COVER STORY: DECEMBER 2014
SING IN THE MORNING. CLEAN YOUR CLOSETS. FIGHT RIGHT. READ ARISTOTLE.
Author Gretchen Rubin Challenges Us to Be Happier in 12 Months
By Hope Katz Gibbs, Publisher
Gretchen Rubin was a young lawyer clerking for Supreme Court Justice Sandra Day O’Connor when she realized that what she really wanted to be was a writer.
Since then, she has written several books, including the bestselling “Forty Ways to Look at Winston Churchill,” and her uber-popular “The Happiness Project: Or, why I spent a year trying to sing in the morning, clean my closets, fight right, read Aristotle, and generally have more fun.”
Best-selling author Dan Pink said of the book, “This is a rare book that will make you both smile and think—often on the same page.”
We couldn’t agree more, so it was a pleasure to interview Rubin from her home office in New York City and find out about the project she devised that has made strides and changed lives—her own and others’.
Scroll down for our Q&A. Click here to listen to our podcast interview.
Be Inkandescent: So let’s get down to business! In your book, “The Happiness Project,” you talk about having an epiphany one rainy afternoon on a city bus. Tell us about that moment.
Gretchen Rubin: It was pouring rain, and I was on a city bus that was moving very slowly. I looked out the window and thought, “What do I want in life anyway?” In the rush of life, you rarely take the opportunity to step back and ask yourself big, transcendent questions. And when I did, I thought, “Well, I want to be happy.” I realized I didn’t spend any time thinking about whether I was happy, or if I could be happier.
In a flash I decided I should have a “happier project” —that was the phrase that occurred to me. The next day I went to the library, got a huge stack of books, and started researching happiness. I wanted to know what everybody knows about what can make you happy, or how to make yourself happier, and I wanted to try everything to see if it really works.
At first the project was just going to be for me. I was finishing writing a biography of John F. Kennedy, and happiness research was just something I was doing for fun for myself. But the research is so rich and fascinating that I found myself spending more and more time on it, and finally I thought, “Maybe this should be my next book.” The book asks: Can you make yourself happier? And if so, how can you make yourself happier? It’s really compelling.
Be Inkandescent: In the 12 months that followed, adventures ensued. What inspired your list—from boosting your energy in January, to getting serious about play in May?
Gretchen Rubin: I figured that a year was long enough for real change to happen, and short enough that it felt manageable. Since there are 12 months of the year, I decided to figure out what elements in my life contribute most to my happiness—and focus on some of them each month.
Be Inkandescent: Some of your choices are a little out of the norm.
Gretchen Rubin: That’s right. For example, a lot of people would include adventure in their happiness project. I know that I am not a very adventurous person, so that is not something that would make me happy.
I decided to start my happiness project with energy, because I figured if I had more energy, then everything else that followed would seem easier, which I think is very much the case with all of us. When we are feeling overwhelmed and drained, it is very hard to take the time to do things, even when you know those things are going to make you happier.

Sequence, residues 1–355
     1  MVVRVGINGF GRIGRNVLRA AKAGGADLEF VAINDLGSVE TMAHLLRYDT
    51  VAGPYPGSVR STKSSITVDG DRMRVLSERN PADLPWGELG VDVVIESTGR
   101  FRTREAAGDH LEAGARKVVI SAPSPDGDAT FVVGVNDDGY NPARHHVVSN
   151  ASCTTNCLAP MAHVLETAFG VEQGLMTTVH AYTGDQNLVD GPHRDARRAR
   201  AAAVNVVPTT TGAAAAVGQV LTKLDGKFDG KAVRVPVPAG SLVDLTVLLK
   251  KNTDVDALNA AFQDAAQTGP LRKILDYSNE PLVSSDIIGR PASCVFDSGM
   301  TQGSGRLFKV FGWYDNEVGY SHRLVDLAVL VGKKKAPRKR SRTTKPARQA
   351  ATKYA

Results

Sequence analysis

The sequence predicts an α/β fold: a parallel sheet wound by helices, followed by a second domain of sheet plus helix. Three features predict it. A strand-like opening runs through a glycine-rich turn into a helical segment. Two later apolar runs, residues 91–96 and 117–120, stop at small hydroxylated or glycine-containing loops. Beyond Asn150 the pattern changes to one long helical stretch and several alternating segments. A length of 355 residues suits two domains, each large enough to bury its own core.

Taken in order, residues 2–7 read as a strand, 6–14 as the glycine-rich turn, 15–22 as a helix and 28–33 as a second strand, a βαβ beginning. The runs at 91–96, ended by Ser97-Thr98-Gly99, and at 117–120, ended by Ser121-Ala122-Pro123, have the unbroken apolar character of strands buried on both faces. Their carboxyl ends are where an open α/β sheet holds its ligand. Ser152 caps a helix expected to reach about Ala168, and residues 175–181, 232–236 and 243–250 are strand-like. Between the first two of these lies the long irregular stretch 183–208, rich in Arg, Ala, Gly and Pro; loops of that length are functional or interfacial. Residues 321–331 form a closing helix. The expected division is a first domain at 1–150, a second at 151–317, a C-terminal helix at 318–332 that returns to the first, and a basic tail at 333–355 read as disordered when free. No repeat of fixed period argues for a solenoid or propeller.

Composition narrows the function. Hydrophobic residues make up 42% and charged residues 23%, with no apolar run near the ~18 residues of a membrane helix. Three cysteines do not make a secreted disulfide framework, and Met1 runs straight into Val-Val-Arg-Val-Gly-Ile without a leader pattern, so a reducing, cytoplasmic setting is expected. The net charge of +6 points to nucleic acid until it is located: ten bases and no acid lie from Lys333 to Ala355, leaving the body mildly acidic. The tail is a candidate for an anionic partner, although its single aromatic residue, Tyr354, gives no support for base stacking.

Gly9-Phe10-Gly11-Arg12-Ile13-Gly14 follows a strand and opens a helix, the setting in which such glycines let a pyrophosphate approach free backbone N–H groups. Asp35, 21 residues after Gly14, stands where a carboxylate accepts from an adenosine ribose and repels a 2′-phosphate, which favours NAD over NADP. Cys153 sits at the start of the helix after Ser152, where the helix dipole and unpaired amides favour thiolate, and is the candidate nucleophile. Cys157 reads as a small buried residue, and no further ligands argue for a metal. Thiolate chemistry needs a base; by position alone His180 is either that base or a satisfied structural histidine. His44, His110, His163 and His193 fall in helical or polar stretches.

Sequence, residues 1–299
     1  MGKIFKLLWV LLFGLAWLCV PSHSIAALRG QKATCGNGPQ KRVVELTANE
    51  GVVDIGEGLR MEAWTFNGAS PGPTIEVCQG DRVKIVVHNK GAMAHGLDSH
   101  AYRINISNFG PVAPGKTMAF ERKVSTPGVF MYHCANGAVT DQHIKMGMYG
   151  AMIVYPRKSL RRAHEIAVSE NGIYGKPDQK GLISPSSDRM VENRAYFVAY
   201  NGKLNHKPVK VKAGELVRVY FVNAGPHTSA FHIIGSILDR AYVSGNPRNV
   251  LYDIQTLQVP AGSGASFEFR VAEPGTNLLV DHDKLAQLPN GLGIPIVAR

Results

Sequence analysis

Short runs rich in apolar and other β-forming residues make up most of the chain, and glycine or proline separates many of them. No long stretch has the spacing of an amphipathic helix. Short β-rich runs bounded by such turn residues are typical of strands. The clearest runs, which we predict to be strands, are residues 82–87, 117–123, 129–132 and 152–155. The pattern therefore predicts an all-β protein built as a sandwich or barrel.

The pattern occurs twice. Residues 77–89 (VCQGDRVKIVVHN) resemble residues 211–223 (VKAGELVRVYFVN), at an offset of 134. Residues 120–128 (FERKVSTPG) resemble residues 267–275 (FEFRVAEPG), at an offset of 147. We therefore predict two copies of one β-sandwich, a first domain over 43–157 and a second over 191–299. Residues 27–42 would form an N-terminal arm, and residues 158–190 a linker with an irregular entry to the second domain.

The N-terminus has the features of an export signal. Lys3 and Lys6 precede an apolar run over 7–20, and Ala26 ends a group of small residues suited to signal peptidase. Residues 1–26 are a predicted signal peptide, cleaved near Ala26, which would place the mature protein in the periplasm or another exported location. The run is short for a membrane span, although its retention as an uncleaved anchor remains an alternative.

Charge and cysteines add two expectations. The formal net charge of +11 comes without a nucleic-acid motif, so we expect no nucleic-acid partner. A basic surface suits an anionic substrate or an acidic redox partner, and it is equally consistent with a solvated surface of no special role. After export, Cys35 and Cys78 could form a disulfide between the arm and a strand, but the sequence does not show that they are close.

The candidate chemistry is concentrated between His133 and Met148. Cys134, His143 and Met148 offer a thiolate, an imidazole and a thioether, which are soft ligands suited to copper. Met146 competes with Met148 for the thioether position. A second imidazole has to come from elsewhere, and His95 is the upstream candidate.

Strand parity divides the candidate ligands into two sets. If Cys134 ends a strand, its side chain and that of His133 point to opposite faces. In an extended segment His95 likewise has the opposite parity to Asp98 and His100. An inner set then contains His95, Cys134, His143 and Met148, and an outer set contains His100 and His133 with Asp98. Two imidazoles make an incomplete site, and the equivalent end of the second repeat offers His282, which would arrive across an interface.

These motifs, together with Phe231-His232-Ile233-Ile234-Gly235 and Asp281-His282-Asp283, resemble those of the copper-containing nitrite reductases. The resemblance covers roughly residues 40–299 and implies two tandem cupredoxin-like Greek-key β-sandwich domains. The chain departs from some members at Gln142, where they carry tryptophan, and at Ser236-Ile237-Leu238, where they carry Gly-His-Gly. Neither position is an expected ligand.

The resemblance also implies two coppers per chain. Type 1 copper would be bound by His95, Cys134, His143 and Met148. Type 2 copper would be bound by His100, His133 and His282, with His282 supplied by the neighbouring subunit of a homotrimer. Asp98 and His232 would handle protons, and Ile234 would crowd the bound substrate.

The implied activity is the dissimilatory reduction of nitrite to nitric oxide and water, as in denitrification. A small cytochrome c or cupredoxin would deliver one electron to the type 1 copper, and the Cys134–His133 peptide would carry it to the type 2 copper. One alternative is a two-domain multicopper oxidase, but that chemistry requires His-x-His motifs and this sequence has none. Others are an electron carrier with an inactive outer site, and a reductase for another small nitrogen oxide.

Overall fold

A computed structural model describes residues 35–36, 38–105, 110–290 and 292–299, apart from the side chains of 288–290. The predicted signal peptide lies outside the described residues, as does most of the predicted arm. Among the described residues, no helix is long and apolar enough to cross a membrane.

I also wanted to focus on different aspects of my life that make me happy—such as my marriage, work, play, and parenthood (I have two daughters). Just figuring out the list was a very helpful intellectual exercise.
Try it. If you were going to pick 12 things in your life that you want to work on, what would they be?
Be Inkandescent: Talk about your desire to be a better parent.
Gretchen Rubin: This was really important to me. I realized that I was losing my temper very quickly; apparently I make a terrifyingly mean face.
I wanted to be more tender, more attentive, and sillier. A lot of the resolutions I made were around that—to try to be different and to make a different atmosphere in our home. I think my resolutions about parenthood really made a big difference, to me and to my family. When I lighten up, they lighten up, too.
Be Inkandescent: Was there any particular month you really found to be happy, and another you didn’t?
Gretchen Rubin: That’s an interesting question. I think all of the months were challenging, because I was picking things I wanted to change, or things I wanted to do differently. But it’s tough to say sometimes whether some things were easy or hard.
For example, going to bed on time. Is that hard or is that easy? After all, what is so hard about going to bed on time? But in practice, it is kind of hard—not that it’s difficult to do; it’s that you have to make up your mind to do it and stick to it.
Some things were easy and very fun, like my choice to kiss my husband every morning and every night. That is very easy, and very nice.
The bottom line is that being happy boils down to the decision to expect more from yourself, figuring out the fine line between the natural limitations of your nature, and the places that you should expect more.
Be Inkandescent: What does it mean to be happy?
Gretchen Rubin: I started my career in law, and I have happy memories of spending an entire semester arguing about the definition of contract. If anything, defining and understanding happiness is even more elusive. There are actually 15 academic definitions of happiness, and you can spend a lot of time arguing about contentment versus bliss. I feel that for most people, it’s not that helpful to worry so much about what happiness is. It’s actually easier to think about being happier.
Does money buy happiness? And what do the brain and body do when you’re happy? Read all about it.